2. Social media platforms like Facebook, Twitter, and Instagram have transformed communication and information sharing.
  3. Cyberbullying is a serious issue involving the use of technology to harass, threaten, or harm others online.
  4. The gig economy, characterized by short-term contracts and freelance work, has grown in popularity due to digital platforms like Uber and Airbnb.
  5. The growth of remote work has led to discussions about the future of office spaces and the need for more flexible work arrangements.
  6. The digital divide refers to the gap between those who have access to technology and the internet and those who do not, which can contribute to social and economic disparities.
  7. E-commerce has revolutionized the way people shop and has created new opportunities for businesses to reach customers globally.
  8. Automation and artificial intelligence have the potential to disrupt job markets, leading to discussions about reskilling and job displacement.
  9. The rise of online education, or e-learning, has made learning resources more accessible to people around the world.
  10. Data breaches and privacy concerns have led to increased scrutiny of how organizations handle and protect user data.

Fun and Miscellaneous Facts:

  1. CAPTCHA stands for “Completely Automated Public Turing test to tell Computers and Humans Apart.”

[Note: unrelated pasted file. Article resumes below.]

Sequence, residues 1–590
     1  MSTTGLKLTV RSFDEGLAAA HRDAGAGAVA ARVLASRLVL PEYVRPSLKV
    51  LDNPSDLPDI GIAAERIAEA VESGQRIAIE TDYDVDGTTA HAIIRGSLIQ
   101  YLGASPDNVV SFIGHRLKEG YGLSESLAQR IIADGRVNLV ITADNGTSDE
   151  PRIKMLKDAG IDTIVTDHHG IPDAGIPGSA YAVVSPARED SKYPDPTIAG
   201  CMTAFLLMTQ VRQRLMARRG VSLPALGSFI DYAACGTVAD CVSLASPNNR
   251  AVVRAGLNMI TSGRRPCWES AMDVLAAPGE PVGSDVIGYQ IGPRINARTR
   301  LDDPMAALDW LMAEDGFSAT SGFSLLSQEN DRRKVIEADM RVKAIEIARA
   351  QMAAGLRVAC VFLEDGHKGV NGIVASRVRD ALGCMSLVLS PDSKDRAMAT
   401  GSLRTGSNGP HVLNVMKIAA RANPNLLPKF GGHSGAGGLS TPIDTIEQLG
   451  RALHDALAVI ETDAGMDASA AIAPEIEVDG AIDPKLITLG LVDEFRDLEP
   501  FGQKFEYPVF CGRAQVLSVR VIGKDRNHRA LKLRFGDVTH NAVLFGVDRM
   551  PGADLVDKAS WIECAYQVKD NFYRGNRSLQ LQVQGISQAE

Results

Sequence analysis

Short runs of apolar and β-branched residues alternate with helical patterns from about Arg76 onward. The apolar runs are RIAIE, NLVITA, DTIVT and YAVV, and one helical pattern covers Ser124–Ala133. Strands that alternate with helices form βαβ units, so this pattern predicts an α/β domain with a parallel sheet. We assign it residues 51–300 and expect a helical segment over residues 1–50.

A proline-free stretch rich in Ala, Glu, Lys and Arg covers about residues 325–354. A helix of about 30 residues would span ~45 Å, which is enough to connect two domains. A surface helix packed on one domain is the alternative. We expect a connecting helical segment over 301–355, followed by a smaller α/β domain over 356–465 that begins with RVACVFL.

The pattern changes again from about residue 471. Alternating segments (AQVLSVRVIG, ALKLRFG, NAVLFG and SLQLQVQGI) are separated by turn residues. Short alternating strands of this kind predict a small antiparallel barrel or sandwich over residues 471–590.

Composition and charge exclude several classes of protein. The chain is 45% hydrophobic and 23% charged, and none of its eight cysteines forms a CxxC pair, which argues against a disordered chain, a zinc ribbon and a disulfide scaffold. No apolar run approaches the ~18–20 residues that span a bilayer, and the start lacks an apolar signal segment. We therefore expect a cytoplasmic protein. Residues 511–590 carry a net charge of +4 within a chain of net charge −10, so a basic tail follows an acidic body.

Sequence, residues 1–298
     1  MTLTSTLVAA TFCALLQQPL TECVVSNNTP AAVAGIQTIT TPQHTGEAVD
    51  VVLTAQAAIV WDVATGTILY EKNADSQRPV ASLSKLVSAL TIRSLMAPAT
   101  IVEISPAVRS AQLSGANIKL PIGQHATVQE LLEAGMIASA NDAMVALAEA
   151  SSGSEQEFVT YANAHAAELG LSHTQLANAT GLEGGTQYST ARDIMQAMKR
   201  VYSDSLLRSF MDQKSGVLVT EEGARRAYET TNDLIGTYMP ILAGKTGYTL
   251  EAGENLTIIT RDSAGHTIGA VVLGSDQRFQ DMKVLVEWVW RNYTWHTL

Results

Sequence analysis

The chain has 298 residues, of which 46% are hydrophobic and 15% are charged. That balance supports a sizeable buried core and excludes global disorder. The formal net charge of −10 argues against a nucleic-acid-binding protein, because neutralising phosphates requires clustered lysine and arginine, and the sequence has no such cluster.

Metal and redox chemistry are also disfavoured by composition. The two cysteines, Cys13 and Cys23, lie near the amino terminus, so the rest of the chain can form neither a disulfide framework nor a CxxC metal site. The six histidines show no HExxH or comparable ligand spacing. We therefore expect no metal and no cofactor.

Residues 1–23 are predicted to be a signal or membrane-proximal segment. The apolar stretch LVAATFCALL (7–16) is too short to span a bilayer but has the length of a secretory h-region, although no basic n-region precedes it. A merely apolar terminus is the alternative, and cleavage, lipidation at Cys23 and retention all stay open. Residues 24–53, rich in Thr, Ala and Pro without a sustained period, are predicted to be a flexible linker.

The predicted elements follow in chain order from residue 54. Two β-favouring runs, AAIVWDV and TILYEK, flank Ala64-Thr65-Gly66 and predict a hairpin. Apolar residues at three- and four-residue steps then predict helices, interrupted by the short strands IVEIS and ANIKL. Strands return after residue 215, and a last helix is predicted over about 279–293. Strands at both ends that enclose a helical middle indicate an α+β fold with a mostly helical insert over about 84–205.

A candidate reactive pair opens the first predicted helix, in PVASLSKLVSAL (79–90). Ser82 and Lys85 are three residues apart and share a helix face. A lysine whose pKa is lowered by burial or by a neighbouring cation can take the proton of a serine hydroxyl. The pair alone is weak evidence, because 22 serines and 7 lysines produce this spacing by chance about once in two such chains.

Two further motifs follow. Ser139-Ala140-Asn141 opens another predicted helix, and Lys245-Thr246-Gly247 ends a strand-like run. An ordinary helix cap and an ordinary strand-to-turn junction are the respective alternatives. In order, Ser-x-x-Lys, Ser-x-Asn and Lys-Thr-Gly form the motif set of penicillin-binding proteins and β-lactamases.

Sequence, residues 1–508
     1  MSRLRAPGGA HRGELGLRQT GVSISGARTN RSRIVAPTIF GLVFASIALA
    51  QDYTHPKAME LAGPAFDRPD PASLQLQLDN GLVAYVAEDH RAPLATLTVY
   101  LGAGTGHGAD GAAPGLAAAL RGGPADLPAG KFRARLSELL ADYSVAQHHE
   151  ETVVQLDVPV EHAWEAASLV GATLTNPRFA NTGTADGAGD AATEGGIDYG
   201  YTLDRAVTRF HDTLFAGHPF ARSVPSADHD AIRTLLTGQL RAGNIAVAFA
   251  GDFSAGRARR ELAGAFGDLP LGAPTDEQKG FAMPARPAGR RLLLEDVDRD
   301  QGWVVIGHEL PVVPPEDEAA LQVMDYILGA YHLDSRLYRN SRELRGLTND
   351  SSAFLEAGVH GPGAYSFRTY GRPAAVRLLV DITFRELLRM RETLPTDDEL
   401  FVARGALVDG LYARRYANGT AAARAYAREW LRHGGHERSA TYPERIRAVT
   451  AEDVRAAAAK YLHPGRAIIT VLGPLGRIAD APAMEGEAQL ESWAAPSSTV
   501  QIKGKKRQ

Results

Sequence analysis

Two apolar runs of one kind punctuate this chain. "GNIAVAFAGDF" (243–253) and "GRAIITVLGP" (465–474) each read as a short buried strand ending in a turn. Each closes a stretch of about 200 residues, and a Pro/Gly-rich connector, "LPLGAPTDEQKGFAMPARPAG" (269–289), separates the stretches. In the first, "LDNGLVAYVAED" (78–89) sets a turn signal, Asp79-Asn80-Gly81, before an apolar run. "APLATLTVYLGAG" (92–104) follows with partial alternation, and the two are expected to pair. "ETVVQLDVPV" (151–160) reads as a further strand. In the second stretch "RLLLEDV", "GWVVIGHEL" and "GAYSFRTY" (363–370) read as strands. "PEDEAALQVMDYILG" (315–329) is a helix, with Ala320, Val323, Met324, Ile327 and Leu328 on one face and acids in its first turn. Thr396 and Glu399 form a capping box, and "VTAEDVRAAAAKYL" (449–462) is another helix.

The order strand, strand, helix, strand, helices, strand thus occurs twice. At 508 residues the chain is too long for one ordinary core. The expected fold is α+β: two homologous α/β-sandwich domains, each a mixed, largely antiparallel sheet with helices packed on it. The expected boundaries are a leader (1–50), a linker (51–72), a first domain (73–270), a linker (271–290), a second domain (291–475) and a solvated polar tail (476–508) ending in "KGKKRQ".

2. The first webcam was used to monitor a coffee pot at the University of Cambridge.
  3. The Konami Code, a famous cheat code in video games, originated in the game Gradius.
  4. The computer mouse was invented by Douglas Engelbert in 1964.
  5. The most widely used password in 2020 was “123456.”
  6. The first computer virus was made by Bob Thomas in 1971 and it was named ‘Creeper’. Once activated, it used to display the message “I’m the creeper, catch me if you can!” on the user’s screen.
  7. A gaming PC running in a room, it can heat the room far better than a heater!
  8. The concept of a “computer bug” originated when an actual moth got trapped inside a computer and caused a malfunction.
  9. The world’s fastest supercomputer as of 2021, Fugaku, is located in Japan and is capable of performing over 442 petaflops (quadrillions of calculations per second).
  10. The first commercial computer having a Graphical User Interface (GUI) and a mouse was called “Apple Lisa”.
  11. A computer system developed at MIT can differentiate between fake and genuine smiles!
  12. The deadliest worm ever developed was named “ILOVEYOU”!
  13. The word “robot” comes from the Czech word “robota,” which means “forced labor” or “drudgery.”
  14. The first computer mouse was made of wood.
  15. The famous Windows XP default wallpaper is called “Bliss.”
  16. The engineers who built the IBM PC were called “The Dirty Dozens”.
  17. In 1950s, Computers were commonly called “electronic brains”.

These 100+ facts about computers provide you the information and facts about the history, working introduction and the impact of computers technology on our lives and society as a whole. And the interesting facts from early mechanical computers to modern technologies like AI and quantum computing, computers continue to shape our world in profound ways.

Mahesh Vyas

I am Engineer and Web Developer. I made to find the better solutions for our engineering community, help and provide the information about engineering and technology. Follow me on Twitter and Instagram.